Latest

Capacitors inside a comicbook-style BANG cloud, playing on the superhero/supercapacitor angle

Can supercapacitors be the next energy superheroes?

2024-07-22T09:08:00+01:00By

Offering complementary properties to batteries, their time might be round the corner

A headshot of Martti Harmoinen wearing a red shirt and black cardigan in the countryside

Harmoinen’s inverter drives and a crucial step towards reducing energy consumption

By

For the 200th Classic Kit, Andrea Sella celebrates a crucial efficiency improvement for motors

A key has opened a locker containing papers and books

How hoarding knowledge is hurting the industry in the long run

By

Sharing results that are not commercially viable would speed up research

Leo Szilard stands on the right, gestering towards a chalkboard with a piece of chalk in his hand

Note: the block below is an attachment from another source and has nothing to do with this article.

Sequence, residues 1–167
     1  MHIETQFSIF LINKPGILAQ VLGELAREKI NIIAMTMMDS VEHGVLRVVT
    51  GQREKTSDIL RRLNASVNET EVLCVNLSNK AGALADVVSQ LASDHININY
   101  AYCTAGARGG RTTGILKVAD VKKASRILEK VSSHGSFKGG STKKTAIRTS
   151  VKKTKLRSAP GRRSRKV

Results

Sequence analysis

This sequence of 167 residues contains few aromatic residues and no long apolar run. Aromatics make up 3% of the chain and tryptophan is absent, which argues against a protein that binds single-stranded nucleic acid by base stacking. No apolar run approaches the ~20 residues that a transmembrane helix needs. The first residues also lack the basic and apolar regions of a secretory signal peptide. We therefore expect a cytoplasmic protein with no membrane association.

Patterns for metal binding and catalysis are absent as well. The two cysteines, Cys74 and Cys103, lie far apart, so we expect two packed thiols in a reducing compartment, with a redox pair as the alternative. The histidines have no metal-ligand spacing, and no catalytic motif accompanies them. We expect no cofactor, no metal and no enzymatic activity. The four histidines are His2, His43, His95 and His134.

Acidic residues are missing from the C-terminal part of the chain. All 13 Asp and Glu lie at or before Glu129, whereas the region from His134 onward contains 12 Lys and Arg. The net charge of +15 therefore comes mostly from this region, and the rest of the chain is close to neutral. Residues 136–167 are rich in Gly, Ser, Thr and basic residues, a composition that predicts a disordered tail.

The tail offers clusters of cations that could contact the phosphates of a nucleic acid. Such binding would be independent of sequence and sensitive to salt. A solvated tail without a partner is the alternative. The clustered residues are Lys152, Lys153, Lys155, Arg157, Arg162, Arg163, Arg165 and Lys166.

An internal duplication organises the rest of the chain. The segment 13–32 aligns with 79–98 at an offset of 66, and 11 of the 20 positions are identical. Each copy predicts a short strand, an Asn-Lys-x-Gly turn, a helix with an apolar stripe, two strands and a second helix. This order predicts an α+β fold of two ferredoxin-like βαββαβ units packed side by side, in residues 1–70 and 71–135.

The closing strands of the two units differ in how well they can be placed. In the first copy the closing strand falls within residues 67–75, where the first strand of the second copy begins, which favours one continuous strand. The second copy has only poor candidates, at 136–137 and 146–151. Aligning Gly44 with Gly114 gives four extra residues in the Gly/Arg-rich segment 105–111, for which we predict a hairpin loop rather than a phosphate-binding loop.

Triggering a nuclear chain reaction

By

How Leo Szilard’s concept emerged from a rich interchange of ideas across disciplinary silos

A key has opened a locker containing papers and books

How hoarding knowledge is hurting the industry in the long run

By

Sharing results that are not commercially viable would speed up research

Scientist walking through a QR code

Lab digitalisation and industry 4.0

By

How technology can help us run our labs more efficiently

People on a balance

Everyone belongs in the chemical sciences

By

Speaking up to make our workplaces more inclusive

Flixborough disaster

A post-Flixborough risk assessment

By

In the last 50 years, attitudes to safety have improved so that first-hand experience of lab incidents is now rare

Humphry Davy

Engaging with the complex legacy of Humphry Davy

By

Online courses and student-run projects show there’s great interest in discussing Davy’s links to slavery and scientific racism

Our columnists